There are numerous things to plan out on meet day. Failing to have a realistic and sound plan can be a recipe for ruining months of hard work leading up to a meet. I can’t count the number of lifters I have seen over the years bomb out of meets because they didn’t have a good plan on meet day. They were strong, just not prepared. A very important part of this process is understanding how to set up your attempts. There are lots of different strategies, but here are some things to consider.

YOU ARE COMPETING IN KILOS NOT POUNDS

If you have been training hard for that 135lb bench press, understand that on meet day you are either going to be lifting 132lbs or 137.8. In most powerlifting federations you must take 2.5kg jumps or roughly 5.5lb jumps between attempts. Understanding this will help you set up your strategy on taking the appropriate jumps and organizing your day. Most federations will have their kilogram conversion chart on their website like USPA Powerlifting does.

SET UP YOUR OPENERS APPROPRIATELY

This is one of the most avoidable mistakes I see new lifters make. They start out too heavy and get themselves into trouble. You have 3 attempts to hit each lift. If your goal is to go 9 for 9, that would mean you would hit your heaviest/goal attempt on 3rd attempt on each lift. How you get there is important. You need to make sure you warm up appropriately in the warm up room. Usually openers are around a 4-5RM which is about 87-90% of your goal. I have seen countless people get crushed on an opener, and I scratch my head wondering what the thought process was. You want to know you have your opener in your back pocket. If you miss your opening attempt you CANNOT go back and ask the table to lower your attempt the weight can stay the same or move up.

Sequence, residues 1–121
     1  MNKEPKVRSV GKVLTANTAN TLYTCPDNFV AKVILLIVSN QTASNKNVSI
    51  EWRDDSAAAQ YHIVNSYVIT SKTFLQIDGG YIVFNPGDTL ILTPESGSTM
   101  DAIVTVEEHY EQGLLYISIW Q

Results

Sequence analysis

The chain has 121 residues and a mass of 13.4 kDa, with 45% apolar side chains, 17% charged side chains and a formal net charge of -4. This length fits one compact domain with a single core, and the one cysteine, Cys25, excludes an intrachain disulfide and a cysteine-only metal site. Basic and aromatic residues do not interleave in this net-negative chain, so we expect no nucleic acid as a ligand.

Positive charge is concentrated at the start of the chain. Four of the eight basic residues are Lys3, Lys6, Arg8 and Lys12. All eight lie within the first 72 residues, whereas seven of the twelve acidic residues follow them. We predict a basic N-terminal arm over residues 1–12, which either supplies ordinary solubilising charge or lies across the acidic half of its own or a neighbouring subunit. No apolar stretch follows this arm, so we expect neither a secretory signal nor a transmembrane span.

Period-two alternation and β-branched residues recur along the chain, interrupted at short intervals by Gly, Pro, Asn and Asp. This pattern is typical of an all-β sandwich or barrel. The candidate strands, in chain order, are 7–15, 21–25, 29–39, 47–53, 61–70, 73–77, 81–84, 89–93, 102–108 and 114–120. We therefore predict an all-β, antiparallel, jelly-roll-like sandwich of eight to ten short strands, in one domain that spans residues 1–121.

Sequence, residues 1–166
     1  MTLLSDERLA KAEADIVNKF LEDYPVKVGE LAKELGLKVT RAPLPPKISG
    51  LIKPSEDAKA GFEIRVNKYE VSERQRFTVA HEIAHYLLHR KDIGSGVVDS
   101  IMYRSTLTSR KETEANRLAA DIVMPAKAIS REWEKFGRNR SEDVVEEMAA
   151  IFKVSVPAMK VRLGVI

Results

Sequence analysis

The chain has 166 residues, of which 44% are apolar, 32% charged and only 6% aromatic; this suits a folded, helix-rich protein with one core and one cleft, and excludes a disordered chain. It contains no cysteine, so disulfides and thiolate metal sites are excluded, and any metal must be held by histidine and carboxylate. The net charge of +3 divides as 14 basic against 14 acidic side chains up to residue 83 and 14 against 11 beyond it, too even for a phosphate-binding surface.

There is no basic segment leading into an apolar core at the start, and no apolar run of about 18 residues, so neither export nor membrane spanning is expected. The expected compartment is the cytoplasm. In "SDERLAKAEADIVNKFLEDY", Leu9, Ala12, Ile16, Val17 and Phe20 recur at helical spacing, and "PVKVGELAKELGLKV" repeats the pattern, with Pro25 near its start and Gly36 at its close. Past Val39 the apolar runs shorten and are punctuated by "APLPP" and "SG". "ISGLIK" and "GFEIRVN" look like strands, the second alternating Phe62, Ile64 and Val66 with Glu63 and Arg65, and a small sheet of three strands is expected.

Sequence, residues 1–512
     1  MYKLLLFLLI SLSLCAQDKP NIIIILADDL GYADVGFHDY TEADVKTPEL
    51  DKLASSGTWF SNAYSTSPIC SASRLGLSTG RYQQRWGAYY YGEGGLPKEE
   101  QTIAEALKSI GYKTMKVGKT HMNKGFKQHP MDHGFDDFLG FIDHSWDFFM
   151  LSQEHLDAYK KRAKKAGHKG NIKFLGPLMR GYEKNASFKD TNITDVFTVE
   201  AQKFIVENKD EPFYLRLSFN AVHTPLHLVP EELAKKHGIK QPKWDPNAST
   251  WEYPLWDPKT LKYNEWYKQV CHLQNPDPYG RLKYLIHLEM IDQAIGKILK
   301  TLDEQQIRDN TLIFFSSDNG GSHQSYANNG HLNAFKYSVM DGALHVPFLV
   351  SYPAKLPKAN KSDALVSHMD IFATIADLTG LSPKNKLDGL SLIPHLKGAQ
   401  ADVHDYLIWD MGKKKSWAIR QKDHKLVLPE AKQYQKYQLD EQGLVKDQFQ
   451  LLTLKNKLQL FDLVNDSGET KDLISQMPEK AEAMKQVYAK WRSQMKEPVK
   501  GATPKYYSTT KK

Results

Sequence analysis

As to why people miss the opener? Either they over trained leading up to the meet, cut too much weight before the meet and it hurt their performance, or they lifted from ego instead of knowing what they are capable of.

HAVE A MEET DAY PLAN

When you show up for weigh-ins they will ask you for your openers, have them ready to go. I also set meet day plans for all my lifters. We have a card that has openers, planned 2nd and 3rd attempts. Sometimes we have a plan A and plan B. When you are done with your attempt you have 1 minute to give the expeditor your next attempt. I see lifters all the time frantically scanning the kilo chart trying to figure out their next attempt and going back and forth. There are enough nerves on meet day as it is, stressing out about getting your numbers in shouldn’t be one of them. If you don’t get your numbers in on time the table will bump your next attempt up 2.5kg and move on. They will not slow down the meet because your lack of preparation. Again, get a coach, set a plan, execute the plan.

In terms of taking jumps between attempts, I have heard numerous strategies. One general way of breaking it down could be as follows for a goal of 137.5kg (303lb)

Attempt 1: 88% 120kg/266.4lbs

Attempt 2 93%. 127.5kg/281lbs

Attempt 3: 100% Goal. 137.5kg/303lbs

I have seen successful lifters take bigger or smaller attempts. I do know that as the meet day goes on the body becomes tired. I know it is common for lifters to take bigger jumps to avoid wearing themselves out. I have seen lifters in the above scenario just go from 120kg to 137.5kg because 127.5 is just one more lift to tire them out enough to distract them from the goal. Much of this will have to be learned from experience and knowing yourself as a lifter.

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